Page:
The Walpole Library was small, but well stocked. Upstairs was for the adults, but the basement was reserved for children and adolescent fare. The librarian was a genial and skilled substitute far superior to Google for a ten year old; the card catalog held the keys to the kingdom. If the librarian was preoccupied, we could sneak out to the front steps and edge our way around the whole structure on an eight inch granite ledge that circumscribed the building as a design feature just below the windows. The children’s section had round low reading tables with small chairs.
In one corner, two stereoscopes resided along with boxes of the two photo four by ten inch cards that fitted into them. Most of the pictures were black and white, although some, including Civil War historical shots were sepia. As a ten year old, I especially liked the battle aftermath photos. When viewed through the lenses, they appeared in 3D. Developed in the mid nineteenth century and vastly improved by Oliver Wendell Holmes in 1861, the stereoscope opened previously undreamt wonders to a ten year old. From Egyptian pyramids to the streets of Paris to the Grand Tetons, our new world was limited only by our imaginations.
Stereoscopes are now valuable antiques and anachronistic reminders of simpler times (that is simpler unless one lifts the edges of the curtains). They were supplanted sadly by more enticing moving pictures and eventually television. Our television was a big box in the living room with a small black and white screen and three somewhat fuzzy channels. Ozzie and Harriet, I Love Lucy, The Ed Sullivan Show, The Jack Benny Show, The Honeymooners and many, many Westerns like Gunsmoke and Have Gun, Will Travel drained away our family hours as we got older. I could still slip away to my sanctuary in the eaves of the attic, which had a single pull chain light bulb and a hook and eye latch, to seek the quiet harbor of my books.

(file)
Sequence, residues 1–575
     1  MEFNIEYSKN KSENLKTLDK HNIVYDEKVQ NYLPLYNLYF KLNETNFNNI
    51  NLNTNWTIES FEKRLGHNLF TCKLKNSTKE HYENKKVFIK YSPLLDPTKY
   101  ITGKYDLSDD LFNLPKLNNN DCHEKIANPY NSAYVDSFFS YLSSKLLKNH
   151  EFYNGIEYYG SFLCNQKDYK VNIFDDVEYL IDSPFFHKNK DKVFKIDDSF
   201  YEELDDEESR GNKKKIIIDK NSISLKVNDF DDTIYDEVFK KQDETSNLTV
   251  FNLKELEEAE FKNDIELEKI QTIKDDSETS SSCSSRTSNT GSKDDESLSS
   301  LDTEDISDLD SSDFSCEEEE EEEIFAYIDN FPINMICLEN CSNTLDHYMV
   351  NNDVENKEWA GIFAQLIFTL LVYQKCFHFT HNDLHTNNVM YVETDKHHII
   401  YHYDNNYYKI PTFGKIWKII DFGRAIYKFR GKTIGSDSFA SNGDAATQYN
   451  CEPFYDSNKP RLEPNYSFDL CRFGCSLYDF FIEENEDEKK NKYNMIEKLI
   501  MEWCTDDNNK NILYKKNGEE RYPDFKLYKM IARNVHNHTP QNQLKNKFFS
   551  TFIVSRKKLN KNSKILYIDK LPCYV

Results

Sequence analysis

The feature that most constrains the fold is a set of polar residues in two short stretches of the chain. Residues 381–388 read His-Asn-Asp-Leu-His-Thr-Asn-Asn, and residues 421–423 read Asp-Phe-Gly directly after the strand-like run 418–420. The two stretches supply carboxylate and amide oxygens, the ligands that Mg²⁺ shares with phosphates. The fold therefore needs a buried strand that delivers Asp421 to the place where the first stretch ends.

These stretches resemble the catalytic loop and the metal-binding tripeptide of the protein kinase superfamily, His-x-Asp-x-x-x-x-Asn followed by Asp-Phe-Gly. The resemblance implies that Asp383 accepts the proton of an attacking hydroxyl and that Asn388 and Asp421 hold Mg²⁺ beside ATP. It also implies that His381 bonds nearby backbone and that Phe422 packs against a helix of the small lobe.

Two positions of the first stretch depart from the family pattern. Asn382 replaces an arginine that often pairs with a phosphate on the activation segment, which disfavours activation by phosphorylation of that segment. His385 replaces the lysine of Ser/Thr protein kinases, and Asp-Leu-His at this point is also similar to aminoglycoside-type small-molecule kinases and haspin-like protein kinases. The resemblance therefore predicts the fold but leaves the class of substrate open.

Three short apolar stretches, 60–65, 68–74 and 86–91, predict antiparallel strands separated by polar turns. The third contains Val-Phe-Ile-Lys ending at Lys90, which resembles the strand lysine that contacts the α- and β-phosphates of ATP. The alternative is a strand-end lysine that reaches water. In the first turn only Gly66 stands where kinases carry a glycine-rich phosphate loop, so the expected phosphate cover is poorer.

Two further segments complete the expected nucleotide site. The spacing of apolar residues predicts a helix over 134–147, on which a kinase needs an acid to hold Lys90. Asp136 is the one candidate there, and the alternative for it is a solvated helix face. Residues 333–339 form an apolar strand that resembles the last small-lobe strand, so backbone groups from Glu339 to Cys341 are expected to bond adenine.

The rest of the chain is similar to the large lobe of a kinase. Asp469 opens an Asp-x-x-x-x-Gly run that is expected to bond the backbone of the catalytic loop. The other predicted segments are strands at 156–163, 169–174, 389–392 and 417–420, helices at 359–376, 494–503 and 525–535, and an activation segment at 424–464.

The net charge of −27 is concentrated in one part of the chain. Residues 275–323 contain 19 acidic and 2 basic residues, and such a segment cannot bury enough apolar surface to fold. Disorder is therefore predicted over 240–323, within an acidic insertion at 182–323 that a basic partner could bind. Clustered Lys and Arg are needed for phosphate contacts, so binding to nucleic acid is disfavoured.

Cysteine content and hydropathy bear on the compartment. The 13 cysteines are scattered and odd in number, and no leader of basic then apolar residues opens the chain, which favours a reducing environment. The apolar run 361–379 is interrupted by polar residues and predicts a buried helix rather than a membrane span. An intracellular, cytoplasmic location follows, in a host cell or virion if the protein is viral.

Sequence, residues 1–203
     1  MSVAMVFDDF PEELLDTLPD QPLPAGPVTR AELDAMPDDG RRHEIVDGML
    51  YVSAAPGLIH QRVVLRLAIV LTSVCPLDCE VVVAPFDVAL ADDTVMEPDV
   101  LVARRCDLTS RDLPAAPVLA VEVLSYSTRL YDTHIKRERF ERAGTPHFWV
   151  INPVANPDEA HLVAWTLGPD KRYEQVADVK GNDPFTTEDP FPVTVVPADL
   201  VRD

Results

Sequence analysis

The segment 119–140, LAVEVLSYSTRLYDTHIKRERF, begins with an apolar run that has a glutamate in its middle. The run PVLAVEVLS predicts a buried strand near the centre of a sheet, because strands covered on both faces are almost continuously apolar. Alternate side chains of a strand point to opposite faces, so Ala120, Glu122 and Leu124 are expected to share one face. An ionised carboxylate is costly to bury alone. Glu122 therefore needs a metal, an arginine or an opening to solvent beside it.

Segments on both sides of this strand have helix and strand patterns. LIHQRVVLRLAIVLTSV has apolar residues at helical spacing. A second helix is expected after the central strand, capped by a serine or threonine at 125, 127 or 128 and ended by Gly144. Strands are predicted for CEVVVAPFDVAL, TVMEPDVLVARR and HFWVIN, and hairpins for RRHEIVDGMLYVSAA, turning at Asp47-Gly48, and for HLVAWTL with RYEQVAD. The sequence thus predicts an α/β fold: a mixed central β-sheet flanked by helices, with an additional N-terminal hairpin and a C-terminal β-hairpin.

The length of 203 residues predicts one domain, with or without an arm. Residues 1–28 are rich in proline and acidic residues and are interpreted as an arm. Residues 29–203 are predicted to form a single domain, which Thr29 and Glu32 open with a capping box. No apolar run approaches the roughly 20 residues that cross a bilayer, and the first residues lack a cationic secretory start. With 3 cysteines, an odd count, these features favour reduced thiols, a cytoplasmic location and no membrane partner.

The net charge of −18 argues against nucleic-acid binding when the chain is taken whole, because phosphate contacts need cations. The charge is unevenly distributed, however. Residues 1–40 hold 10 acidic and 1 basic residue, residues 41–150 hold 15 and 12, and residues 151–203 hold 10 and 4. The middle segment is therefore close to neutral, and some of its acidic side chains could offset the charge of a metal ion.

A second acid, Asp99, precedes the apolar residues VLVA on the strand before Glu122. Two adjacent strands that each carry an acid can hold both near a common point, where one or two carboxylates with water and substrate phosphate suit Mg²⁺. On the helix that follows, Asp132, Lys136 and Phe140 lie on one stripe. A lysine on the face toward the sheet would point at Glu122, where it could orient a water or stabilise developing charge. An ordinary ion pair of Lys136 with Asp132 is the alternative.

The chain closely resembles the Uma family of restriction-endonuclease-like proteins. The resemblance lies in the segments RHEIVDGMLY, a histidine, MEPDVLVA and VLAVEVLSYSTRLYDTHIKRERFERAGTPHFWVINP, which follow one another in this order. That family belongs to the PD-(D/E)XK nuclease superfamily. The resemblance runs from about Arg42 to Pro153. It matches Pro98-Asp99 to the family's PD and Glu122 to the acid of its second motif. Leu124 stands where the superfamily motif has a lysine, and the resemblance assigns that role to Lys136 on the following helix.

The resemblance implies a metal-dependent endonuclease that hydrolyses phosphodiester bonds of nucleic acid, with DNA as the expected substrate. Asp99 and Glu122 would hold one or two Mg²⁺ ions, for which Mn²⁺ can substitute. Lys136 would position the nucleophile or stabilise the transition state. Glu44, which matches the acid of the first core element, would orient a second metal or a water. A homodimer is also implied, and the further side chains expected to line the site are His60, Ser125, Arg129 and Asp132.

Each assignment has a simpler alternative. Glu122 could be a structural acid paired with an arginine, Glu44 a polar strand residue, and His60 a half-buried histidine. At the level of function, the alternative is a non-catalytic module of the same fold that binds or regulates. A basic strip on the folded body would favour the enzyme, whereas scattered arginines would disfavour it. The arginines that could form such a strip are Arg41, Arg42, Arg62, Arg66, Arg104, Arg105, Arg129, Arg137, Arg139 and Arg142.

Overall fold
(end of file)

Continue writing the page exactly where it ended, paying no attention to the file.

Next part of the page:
I’ve heard it said that we all have our nineteen year old selves permanently emblazoned on our personalities. Can it be any less so for ten? My tenth birthday was in February of 1956, eleven years to the day after the Marines raised the American flag on Iwo Jima, securing a key stronghold on the long drive to Tokyo. To idealize any period of time is to trivialize it, however to hold it at the center of our innocence is quite another.
The fifties were in some ways innocent and optimistic, yet they also harbored Jim Crow laws and the hypocrisy of country club adultery and too much liquor. But most families were hard working and held traditional morality dear; the parents were the “Greatest Generation” determined to leave behind the Depression years of the thirties of their youth and the killing years of the forties of the war, and to pass on to their children a safer, more stable and more comfortable future. For this they worked steadily and generally cheerfully for the rest of their lives. Comfortable was achieved; stable and safe eventually were beyond theirs to bequeath, but in the fifties, at least the illusion of simpler times was lovingly preserved.
“We don’t know what we are doing, because we don’t know what we are undoing.” G.K. Chesterton